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Journal Article

Structure and Mechanisms of F-Type ATP Synthases


Kühlbrandt,  Werner
Department of Structural Biology, Max Planck Institute of Biophysics, Max Planck Society;

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Kühlbrandt, W. (2019). Structure and Mechanisms of F-Type ATP Synthases. Annual Review of Biochemistry, 88, 515-549. doi:10.1146/annurev-biochem-013118-110903.

Cite as: http://hdl.handle.net/21.11116/0000-0003-3B07-4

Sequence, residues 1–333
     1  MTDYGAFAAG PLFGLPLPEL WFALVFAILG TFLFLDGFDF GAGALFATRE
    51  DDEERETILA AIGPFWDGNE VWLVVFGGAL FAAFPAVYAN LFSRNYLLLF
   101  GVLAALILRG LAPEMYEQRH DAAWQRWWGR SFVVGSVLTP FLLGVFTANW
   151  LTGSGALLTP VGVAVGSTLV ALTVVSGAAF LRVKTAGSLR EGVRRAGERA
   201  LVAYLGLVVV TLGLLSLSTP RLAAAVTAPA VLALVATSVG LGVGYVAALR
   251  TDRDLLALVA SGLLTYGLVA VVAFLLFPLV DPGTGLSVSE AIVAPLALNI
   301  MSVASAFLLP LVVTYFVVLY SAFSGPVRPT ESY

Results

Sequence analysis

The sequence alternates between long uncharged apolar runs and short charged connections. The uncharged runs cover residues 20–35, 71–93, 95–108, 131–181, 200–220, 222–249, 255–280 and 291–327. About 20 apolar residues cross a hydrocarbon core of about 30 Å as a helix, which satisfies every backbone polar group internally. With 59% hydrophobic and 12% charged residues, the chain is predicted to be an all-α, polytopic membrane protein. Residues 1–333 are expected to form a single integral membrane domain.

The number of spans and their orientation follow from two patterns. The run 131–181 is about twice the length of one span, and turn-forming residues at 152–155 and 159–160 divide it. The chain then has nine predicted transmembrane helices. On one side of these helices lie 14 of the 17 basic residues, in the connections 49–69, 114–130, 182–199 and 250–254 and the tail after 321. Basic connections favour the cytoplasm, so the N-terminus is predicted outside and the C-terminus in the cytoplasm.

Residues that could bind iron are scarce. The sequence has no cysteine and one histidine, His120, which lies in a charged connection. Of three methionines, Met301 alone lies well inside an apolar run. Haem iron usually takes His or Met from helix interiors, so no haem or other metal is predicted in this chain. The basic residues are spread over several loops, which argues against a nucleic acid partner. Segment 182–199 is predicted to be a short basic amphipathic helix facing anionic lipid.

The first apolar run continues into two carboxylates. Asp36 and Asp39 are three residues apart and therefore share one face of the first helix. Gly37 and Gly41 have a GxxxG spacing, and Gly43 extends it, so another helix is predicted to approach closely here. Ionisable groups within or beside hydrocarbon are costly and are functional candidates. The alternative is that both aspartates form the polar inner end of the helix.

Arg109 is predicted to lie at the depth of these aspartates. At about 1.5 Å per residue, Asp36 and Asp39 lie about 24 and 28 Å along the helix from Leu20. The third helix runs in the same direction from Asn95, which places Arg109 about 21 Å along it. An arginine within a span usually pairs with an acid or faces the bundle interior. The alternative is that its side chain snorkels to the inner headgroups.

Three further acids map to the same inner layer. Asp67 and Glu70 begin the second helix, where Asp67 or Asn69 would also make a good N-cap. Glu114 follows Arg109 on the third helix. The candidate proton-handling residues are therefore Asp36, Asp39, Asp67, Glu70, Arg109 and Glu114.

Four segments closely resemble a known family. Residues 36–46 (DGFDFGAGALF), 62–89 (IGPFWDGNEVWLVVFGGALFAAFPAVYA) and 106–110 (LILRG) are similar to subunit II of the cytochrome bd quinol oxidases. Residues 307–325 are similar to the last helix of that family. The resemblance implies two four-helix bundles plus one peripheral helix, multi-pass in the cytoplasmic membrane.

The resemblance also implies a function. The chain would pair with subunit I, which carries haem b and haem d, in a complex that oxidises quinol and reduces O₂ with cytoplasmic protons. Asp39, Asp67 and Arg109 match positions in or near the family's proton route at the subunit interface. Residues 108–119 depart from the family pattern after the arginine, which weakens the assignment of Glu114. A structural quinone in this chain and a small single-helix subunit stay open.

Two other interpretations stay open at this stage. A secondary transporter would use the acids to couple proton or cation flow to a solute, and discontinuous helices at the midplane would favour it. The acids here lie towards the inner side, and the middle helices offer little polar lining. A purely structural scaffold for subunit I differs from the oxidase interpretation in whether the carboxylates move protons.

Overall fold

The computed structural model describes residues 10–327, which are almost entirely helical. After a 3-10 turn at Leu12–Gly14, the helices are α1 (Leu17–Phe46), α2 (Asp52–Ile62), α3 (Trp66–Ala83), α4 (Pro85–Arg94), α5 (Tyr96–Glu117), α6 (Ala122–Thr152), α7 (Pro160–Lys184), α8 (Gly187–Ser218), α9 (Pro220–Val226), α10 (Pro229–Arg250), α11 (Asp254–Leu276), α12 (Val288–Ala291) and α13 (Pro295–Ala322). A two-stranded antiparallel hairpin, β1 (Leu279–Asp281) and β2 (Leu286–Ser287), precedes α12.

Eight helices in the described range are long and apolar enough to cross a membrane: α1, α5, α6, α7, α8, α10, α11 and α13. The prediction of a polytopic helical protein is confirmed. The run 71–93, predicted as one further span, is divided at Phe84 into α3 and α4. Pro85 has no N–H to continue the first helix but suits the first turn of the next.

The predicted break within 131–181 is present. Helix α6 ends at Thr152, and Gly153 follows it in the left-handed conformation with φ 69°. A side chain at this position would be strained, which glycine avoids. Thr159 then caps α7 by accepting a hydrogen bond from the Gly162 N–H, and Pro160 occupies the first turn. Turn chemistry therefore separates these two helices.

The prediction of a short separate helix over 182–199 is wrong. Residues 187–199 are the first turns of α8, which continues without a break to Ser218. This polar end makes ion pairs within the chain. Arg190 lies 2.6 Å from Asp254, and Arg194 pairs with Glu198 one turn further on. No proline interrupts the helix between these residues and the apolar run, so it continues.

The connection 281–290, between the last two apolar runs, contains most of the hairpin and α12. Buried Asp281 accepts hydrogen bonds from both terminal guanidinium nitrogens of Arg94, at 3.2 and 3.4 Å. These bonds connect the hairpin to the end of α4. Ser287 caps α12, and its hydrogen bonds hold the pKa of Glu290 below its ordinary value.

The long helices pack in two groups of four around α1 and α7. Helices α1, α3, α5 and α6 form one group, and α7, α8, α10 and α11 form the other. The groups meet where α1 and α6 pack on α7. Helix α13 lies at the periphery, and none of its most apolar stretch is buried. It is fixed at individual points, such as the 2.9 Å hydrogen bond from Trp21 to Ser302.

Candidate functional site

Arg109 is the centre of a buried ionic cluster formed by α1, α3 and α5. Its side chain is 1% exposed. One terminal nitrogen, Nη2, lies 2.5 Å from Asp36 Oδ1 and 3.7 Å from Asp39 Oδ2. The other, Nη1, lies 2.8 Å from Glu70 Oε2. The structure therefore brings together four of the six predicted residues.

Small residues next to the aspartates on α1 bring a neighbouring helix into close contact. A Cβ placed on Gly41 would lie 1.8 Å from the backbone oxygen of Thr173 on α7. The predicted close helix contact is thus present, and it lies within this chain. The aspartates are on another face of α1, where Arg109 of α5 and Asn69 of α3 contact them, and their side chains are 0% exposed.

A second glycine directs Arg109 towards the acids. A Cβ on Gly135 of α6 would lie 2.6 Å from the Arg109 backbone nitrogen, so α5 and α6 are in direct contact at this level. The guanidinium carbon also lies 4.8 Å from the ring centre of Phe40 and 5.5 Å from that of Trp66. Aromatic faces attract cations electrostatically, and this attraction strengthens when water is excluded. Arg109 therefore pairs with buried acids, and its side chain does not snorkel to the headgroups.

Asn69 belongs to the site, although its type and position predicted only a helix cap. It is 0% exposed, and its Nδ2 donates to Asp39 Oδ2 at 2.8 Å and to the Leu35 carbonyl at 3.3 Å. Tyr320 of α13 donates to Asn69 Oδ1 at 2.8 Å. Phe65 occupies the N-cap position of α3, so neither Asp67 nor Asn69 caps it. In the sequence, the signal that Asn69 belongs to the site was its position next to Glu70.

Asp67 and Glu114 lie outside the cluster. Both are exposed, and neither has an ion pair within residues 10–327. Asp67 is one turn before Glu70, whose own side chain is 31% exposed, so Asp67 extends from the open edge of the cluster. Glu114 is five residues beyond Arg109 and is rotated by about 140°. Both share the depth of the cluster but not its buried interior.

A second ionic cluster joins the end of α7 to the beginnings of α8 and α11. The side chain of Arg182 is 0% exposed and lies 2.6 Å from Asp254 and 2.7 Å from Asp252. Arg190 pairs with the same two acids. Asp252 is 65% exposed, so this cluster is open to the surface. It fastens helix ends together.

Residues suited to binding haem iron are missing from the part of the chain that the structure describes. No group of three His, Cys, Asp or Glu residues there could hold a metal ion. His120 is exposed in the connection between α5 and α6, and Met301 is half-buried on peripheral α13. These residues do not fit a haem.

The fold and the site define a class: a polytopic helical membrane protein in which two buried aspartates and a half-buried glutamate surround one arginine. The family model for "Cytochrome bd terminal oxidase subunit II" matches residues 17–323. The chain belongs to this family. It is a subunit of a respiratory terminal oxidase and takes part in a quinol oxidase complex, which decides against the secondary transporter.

F1 Fo ATP synthases produce most of the ATP in the cell. F-type ATP synthases have been investigated for more than 50 years, but a full understanding of their molecular mechanisms has become possible only with the recent structures of complete, functionally competent complexes determined by electron cryo-microscopy (cryo-EM). High-resolution cryo-EM structures offer a wealth of unexpected new insights. The catalytic F1 head rotates with the central γ-subunit for the first part of each ATP-generating power stroke. Joint rotation is enabled by subunit δ/OSCP acting as a flexible hinge between F1 and the peripheral stalk. Subunit a conducts protons to and from the c-ring rotor through two conserved aqueous channels. The channels are separated by ∼6 Å in the hydrophobic core of Fo, resulting in a strong local field that generates torque to drive rotary catalysis in F1. The structure of the chloroplast F1 Fo complex explains how ATP synthesis is turned off at night by a redox switch. Structures of mitochondrial ATP synthase dimers indicate how they shape the inner membrane cristae. The new cryo-EM structures complete our picture of the ATP synthases and reveal the unique mechanism by which they transform an electrochemical membrane potential into biologically useful chemical energy.